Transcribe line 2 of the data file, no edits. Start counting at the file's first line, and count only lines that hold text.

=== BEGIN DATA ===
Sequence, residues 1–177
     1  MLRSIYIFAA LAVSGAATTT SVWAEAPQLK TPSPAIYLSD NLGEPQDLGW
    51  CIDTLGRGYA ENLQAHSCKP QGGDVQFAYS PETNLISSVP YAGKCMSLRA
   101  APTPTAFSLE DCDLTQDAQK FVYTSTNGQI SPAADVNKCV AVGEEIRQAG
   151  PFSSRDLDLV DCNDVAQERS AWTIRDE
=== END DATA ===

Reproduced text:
     1  MLRSIYIFAA LAVSGAATTT SVWAEAPQLK TPSPAIYLSD NLGEPQDLGW